The trade of the corn-mills in Ulster was greatly increased during the Napoleonic Wars because the British ports were blockaded, and there was more demand for Irish oats, wheat, oatmeal and flour.
Later the coming of the Great Famine forced the government to repeal the Corn Laws which had banned the import of ready-milled grains. The lifting of this ban had a bad effect on many small mill as more and more grains were imported from abroad. However, the two corn-mills in Straw survived through local trade and both were in operation in the 1920's. In fact Crilly's still operated a corn-mill until the early 1950's.
The mill race was formed by the construction of a 'carry' or barrier across the Whitewater River, approximately half a mile above the mill. This barrier was originally made with oak beams and filled with large stones. At a later date this was reinforced with concrete. Some of the water was diverted to flow down a man-made channel (race) to the mill. At the head of the race a wooden board was placed across it to regulate the flow of water so that no more than nine inches of water could get through. This was to protect the local farms from flooding.
Just before the race reached the mill a dam was formed so that water could be stored for dry weather. The flow from the dam could be channelled into either wheel or released, through a sluice gate, to by-pass the mill wheel entirely if required.
A second dam was formed below Crilly's mill. This was to store water for the operation of Donnelly's mill.
The mills worked from the 1st of October until the 12th of May. They were open six days a week and when they were busy they would grind corn at night and use the scutch and saw-mills during the day.
The local farmers paid the miller by means of a 'meuter', i.e. a proportion of the flour milled. The system was open to abuse on both sides. There were two main types of corn milled in Straw: they were known locally as 'sandy' corn and 'old sandy' corn. The corn was first taken to the kiln where it was dried on a 'wire-head'. It had to be turned frequently to keep it from burning. Each mill had its own kiln. When the corn was dry it was taken to the mill. The sacks of corn were emptied into the hopper and fed down through a wooden chute or shoe into the the first set of mill-stones. This first process was called shelling or, locally, 'shilling'. It involved the removal of the outer casing or shell from the kernel of the grain. The 'shillings' were used to make 'oat sowings’, a type of porridge popular with local people.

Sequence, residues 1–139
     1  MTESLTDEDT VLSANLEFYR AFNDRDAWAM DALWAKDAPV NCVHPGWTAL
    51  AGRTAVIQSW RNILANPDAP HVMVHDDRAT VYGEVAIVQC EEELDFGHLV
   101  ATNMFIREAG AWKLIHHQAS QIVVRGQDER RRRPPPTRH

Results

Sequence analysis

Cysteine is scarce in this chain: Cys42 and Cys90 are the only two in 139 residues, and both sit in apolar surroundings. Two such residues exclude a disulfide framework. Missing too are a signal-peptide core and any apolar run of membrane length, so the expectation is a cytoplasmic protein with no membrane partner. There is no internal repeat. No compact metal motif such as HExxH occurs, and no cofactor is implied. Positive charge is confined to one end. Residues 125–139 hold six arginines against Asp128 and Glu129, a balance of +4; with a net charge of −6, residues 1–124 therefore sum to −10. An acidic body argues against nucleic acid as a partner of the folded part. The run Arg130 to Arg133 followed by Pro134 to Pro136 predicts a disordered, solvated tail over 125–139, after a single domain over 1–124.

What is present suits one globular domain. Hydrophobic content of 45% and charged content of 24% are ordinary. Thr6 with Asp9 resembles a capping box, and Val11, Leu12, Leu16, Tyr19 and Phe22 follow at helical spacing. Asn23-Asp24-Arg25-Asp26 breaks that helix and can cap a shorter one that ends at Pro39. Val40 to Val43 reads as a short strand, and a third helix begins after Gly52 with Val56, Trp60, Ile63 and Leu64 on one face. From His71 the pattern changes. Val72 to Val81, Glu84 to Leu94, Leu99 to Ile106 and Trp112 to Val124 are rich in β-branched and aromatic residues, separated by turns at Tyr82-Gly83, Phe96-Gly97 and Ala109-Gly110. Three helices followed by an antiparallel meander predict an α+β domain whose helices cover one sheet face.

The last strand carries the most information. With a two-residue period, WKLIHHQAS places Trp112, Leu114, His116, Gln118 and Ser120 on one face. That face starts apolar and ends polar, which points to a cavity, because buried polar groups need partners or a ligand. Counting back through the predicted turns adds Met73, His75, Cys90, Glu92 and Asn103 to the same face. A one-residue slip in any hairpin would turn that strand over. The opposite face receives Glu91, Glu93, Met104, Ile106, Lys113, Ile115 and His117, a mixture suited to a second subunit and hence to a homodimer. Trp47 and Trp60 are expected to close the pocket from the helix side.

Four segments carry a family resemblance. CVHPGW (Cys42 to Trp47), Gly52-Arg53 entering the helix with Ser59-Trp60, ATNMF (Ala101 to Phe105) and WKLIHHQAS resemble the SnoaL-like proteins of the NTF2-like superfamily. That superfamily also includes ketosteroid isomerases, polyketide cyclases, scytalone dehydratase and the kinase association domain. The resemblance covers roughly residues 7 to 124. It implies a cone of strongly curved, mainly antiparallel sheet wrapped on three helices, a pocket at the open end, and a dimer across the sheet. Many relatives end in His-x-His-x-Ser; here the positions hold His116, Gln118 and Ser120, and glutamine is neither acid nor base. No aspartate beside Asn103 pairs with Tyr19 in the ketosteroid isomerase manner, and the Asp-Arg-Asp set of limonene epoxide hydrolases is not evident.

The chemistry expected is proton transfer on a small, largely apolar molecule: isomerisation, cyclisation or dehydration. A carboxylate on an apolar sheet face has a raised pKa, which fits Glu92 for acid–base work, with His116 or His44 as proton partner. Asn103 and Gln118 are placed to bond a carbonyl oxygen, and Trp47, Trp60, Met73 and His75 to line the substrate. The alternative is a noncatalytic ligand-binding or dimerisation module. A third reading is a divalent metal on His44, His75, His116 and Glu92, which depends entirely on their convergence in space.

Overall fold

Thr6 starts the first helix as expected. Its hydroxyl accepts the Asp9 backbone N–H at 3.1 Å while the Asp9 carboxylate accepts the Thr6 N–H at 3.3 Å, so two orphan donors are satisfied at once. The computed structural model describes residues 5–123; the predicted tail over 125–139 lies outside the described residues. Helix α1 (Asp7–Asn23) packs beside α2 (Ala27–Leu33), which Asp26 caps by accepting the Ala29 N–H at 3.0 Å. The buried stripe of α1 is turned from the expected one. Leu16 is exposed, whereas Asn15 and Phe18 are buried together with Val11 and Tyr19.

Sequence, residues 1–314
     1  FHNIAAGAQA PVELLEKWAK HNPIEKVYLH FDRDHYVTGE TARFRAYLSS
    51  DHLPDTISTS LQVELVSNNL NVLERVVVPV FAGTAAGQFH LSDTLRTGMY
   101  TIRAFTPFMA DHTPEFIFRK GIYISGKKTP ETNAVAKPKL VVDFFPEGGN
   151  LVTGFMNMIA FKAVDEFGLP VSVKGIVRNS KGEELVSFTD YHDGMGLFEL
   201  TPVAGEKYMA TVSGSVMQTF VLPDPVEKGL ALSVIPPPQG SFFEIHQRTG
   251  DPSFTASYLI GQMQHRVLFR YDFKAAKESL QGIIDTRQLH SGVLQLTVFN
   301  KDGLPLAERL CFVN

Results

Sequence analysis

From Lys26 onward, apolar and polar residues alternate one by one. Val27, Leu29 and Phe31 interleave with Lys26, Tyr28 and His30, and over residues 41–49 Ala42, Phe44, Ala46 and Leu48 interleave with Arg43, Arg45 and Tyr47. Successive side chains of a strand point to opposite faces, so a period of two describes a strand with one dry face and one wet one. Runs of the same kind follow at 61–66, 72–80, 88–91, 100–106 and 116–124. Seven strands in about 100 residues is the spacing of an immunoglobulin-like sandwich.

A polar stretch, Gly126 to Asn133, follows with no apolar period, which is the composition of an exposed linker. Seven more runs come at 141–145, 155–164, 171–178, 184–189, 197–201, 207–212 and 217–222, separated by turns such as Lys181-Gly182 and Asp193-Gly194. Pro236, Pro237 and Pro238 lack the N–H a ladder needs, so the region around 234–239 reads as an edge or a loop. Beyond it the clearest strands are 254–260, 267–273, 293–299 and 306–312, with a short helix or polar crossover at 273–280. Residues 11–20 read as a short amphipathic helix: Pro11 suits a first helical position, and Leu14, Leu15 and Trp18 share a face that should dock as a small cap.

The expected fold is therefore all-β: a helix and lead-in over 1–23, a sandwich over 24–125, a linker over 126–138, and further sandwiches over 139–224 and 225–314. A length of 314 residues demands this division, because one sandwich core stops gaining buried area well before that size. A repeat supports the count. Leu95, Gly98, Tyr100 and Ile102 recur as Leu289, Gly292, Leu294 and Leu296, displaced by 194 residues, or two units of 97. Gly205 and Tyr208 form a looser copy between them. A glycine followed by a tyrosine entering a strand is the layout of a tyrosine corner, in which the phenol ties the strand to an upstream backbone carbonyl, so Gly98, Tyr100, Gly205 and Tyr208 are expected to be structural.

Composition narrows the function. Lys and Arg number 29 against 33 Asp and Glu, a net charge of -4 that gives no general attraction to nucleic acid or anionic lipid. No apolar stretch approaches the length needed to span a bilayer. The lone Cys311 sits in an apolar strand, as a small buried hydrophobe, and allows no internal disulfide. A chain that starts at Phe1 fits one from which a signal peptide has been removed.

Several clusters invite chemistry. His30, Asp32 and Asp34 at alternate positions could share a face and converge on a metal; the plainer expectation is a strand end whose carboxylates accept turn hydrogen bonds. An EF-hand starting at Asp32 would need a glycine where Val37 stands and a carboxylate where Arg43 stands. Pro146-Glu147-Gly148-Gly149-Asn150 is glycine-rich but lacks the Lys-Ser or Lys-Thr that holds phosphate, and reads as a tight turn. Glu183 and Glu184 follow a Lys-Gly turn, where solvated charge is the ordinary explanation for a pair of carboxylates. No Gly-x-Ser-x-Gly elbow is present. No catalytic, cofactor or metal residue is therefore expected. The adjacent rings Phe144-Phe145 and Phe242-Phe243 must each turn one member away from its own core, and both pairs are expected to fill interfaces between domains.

The dust extracted in the shelling process was boiled in a ten gallon pot or mixed with meal to be used as food for animals.
The husks from the grain were also used to fire the kiln. The seeds and hulls were separated from the dust by means of a dust sieve and were then fed into a wooden box containing a fan. This separated the lighter seeds from the hulls, which were heavier.
Finally the kernel of the grain went on to be ground again on the 'grinding stones'. These were set much closer together than the shelling stones and therefore gave a much finer meal.
The finished product was then passed through a finer sieve to remove all impurities.